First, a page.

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Northern Ireland corporation tax bill introduced

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As part of the Stormont House Agreement, the government has introduced the Corporation Tax (Northern Ireland) Bill to devolve powers to set the rate of corporation tax in Northern Ireland to the Northern Ireland Assembly. The devolved rate will apply to trading profits only, and primarily to micro-, small- or medium-sized enterprises for whom at least 75% of their staff time and costs relate to work in Northern Ireland. It will apply to large companies and corporate partners to the extent that profits are attributable to a Northern Ireland trading presence. The intention is for the Bill to receive royal assent before the general election in May and for the new powers to take effect in April 2017.

The current rate paid by businesses in Northern Ireland is 21%, compared to 12.5% in the Republic of Ireland. According to the government, if the rate were lowered, around 34,000 businesses in Northern Ireland would stand to benefit, including 26,500 SMEs. The Bill, which had its first reading in the UK Parliament on 8 January 2015, will allow the Northern Ireland Assembly to set the rate by resolution, and new rules will be inserted into CTA 2010 to provide for identification of the profits chargeable at the Northern Ireland rate, which will include a separate regime for large companies and SMEs.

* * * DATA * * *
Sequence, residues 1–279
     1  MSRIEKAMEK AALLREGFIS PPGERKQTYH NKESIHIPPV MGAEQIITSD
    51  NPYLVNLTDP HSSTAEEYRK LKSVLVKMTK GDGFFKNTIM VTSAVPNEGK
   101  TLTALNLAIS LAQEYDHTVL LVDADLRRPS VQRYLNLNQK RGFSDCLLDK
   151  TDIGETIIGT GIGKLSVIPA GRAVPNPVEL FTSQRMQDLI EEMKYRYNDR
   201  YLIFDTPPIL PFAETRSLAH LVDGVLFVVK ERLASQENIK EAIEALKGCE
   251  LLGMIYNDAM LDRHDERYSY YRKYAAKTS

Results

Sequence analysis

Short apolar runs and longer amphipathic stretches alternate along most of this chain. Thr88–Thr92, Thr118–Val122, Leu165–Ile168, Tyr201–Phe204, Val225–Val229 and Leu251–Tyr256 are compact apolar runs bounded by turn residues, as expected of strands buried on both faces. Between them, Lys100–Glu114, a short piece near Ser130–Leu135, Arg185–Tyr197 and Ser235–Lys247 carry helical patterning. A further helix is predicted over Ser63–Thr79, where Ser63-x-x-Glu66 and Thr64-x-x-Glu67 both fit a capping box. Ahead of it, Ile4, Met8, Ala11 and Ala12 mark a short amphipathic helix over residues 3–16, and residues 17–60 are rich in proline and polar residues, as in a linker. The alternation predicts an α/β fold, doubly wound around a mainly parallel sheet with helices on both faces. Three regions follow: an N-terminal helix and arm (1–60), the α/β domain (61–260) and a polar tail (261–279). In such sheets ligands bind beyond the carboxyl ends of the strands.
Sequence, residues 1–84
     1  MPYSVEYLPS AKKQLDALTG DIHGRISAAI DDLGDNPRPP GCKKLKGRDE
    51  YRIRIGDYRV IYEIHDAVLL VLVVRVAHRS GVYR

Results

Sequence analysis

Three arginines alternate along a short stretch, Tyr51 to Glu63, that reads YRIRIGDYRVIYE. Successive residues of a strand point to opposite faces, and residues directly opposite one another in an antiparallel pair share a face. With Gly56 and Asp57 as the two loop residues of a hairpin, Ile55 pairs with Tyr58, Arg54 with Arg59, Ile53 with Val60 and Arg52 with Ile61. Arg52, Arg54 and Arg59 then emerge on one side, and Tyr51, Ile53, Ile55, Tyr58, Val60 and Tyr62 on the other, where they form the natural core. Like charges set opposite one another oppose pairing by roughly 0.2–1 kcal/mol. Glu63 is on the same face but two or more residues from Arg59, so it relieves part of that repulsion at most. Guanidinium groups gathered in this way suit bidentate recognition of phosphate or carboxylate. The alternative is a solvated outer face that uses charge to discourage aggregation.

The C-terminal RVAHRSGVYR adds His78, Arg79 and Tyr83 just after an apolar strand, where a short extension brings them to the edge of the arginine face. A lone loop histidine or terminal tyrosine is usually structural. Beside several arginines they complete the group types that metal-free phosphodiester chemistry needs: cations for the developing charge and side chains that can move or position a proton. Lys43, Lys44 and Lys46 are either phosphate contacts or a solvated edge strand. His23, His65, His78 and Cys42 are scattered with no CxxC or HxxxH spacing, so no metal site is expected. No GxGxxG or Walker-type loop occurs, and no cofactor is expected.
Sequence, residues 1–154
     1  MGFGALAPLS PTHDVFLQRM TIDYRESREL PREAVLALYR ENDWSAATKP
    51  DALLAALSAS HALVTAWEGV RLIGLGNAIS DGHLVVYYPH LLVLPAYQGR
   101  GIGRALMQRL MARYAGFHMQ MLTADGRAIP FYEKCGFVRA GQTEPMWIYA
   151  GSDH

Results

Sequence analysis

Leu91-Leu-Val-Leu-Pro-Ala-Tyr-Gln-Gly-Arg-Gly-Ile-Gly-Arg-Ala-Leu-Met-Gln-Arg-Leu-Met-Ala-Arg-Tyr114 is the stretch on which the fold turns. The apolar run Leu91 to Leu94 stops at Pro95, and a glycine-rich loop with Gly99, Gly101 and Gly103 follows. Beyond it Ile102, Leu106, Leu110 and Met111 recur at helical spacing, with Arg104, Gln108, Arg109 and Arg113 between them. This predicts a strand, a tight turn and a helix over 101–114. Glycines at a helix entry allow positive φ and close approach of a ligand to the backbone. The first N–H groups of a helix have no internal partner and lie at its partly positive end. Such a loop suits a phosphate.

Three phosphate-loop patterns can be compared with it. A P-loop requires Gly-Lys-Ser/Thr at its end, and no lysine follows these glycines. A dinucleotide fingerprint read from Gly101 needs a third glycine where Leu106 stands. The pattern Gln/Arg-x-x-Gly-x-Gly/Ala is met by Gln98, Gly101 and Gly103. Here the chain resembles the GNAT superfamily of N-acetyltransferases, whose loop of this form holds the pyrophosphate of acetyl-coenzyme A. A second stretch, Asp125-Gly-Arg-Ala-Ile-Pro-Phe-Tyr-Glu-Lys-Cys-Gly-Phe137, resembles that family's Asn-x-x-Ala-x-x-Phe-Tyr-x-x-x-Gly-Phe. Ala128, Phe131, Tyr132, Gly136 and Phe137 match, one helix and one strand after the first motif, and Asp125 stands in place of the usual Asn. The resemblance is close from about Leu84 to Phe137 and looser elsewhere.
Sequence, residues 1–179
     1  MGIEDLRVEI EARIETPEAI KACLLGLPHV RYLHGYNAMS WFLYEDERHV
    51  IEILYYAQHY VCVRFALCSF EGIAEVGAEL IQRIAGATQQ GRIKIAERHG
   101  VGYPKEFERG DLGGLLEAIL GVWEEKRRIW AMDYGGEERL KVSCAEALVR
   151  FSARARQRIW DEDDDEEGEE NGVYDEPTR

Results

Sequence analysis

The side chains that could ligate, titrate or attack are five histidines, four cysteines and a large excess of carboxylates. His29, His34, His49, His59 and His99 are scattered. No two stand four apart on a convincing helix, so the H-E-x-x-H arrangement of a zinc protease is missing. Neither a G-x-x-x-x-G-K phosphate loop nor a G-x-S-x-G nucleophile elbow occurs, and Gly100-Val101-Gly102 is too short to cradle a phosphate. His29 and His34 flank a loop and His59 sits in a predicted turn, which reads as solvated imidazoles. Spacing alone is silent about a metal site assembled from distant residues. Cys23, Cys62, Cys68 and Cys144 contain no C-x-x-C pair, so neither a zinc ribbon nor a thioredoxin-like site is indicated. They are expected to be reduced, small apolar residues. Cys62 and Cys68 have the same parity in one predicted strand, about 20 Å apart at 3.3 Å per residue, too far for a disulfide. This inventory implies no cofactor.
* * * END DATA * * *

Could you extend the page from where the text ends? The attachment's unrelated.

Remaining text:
In addition, as the CIOT reports, parts of CTA 2009, CTA 2010 and CAA 2001 will be amended to facilitate a potential rate differential, including: amendments to revalue Northern Irish trading losses used to relieve profits arising in the UK main rate regime; to determine which credits and debits on intangible fixed assets are within the NI regime; and how to compute amounts related to capital allowances and other reliefs (including but not restricted to creative industry reliefs, patent box and research and development).

Theresa Villiers, Secretary of State for Northern Ireland, said she was ‘delighted’ by the move, adding: ‘Given the land border shared with a lower corporation tax jurisdiction, this measure has the potential to create thousands of new jobs and stimulate crucial growth in Northern Ireland’s private sector, leading to a stronger, re-balanced economy. In the light of an economy that for many years has been over-dependent on the public sector, allowing the Assembly to set its own rate for corporation tax offers the prospect of a transformative change in Northern Ireland. The Bill is subject to the important conditions … but it is fair and balanced and provides the opportunity to build a brighter future for Northern Ireland.’

Issue: 1246
Categories: News , Corporate taxes